Trusted Computing

Trusted computing describes technologies and suggestions to improve IT security through hardware enhancements and associated software solutions. Several major hardware manufacturers and software providers have joined forces in the Trusted Computing Group (TCG) and are working together to develop concrete strategies for securing systems, networks and applications.

Fraunhofer AISEC is member of the TCG and develops solutions to protect critical data and systems against the growing number of attacks and to ensure compliance with legal regulations through hardware- and software-based security. Therefore, Fraunhofer AISEC bundles compentencies from several fields of expertise.

Expertise

Fraunhofer AISEC offers its experience in Trusted Computing technolgies and provides concepts for design, integration and implementation of security mechanisms. We offer an integrated hardware and software engineering process, as well as the necessary migration of functionality into hardware and software.

 

Selected projects in the field of Trusted Computing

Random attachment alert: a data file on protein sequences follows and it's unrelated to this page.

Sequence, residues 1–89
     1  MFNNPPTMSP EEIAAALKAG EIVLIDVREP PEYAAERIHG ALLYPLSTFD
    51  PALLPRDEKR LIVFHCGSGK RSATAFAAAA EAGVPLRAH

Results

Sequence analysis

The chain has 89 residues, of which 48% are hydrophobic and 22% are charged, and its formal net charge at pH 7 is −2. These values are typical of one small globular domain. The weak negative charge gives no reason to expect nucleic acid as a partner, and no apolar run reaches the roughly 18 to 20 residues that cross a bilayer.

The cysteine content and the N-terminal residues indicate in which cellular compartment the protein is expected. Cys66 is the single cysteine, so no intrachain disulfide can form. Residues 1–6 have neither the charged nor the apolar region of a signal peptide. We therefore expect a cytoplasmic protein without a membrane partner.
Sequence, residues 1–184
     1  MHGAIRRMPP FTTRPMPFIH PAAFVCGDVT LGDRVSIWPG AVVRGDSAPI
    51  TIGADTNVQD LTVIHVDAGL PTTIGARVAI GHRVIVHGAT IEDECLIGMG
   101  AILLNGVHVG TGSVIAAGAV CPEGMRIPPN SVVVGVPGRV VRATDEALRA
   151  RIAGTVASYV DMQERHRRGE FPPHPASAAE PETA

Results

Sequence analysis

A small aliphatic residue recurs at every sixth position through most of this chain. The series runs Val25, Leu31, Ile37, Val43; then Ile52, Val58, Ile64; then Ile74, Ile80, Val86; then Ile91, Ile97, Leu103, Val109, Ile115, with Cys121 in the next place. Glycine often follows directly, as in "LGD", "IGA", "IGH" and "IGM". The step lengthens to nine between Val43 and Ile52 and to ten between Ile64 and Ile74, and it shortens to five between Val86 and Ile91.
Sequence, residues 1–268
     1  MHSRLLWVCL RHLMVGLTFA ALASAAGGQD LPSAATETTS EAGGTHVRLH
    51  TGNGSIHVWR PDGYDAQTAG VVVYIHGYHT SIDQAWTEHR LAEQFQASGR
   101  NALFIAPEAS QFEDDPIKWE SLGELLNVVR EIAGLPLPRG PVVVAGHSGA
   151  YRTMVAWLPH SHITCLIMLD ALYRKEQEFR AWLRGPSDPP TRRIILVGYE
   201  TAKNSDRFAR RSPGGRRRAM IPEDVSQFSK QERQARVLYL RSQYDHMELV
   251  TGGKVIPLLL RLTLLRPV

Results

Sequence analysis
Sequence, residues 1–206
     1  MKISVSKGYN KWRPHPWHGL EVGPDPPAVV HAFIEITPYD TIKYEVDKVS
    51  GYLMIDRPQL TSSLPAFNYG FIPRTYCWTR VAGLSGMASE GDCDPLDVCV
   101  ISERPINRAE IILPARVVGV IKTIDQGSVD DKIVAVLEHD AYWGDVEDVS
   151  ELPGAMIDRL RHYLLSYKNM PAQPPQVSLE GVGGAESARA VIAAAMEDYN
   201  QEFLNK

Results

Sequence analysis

Practical Runtime Attestation for Tiny IoT Devices
seTPM: A secure element-based TPM utilizing Java Card technology
TPM 2.0 Simulator for Linux / TEE
Trusted Connector - IoT Gateway based on Trusted Computing Technologies
Multiplexing TPM Integrity Measurements among Virtual Machines
Integrity Verification with Trusted Computing Technologies

 

For further information please visit https://develop.trustedcomputinggroup.org/  

Practical Runtime Attestation for Tiny IoT Devices

© STMicroelectronics

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A major challenge in IoT security is to assure the integrity of the firmware running on constrained low-cost devices. A solution to this challenge is provided by a security mechanism called "remote attestation".

Solution

We developed a method based on DICE to securely generate attestation evidence at runtime using only standard CPU features like the MPU and privileged/unprivileged levels of execution in combination with the boot code located in ROM and lock mechanism required by DICE. As a result, our method can immediately be applied to a broad range of popular microcontrollers. At Fraunhofer AISEC, we developed a prototype for the frequently used Cortex-M4-based STM32L476 microcontroller.

Our competences

  • Trusted Computing technologies, especially DICE and RIoT
  • Design and implementation of security mechanisms on MCUs
  • Securing IoT use cases, such as smart home applications or sensor node networks

seTPM: A secure element-based TPM utilizing Java Card technology

© Fraunhofer AISEC

On constrained embedded platforms, a TPM may not be available, but its functionality desired in order to secure a system. To equip such platforms with Trusted Computing technologies, such as remote attestation or sealing, TPM capabilities have to be integrated by different means.

Solution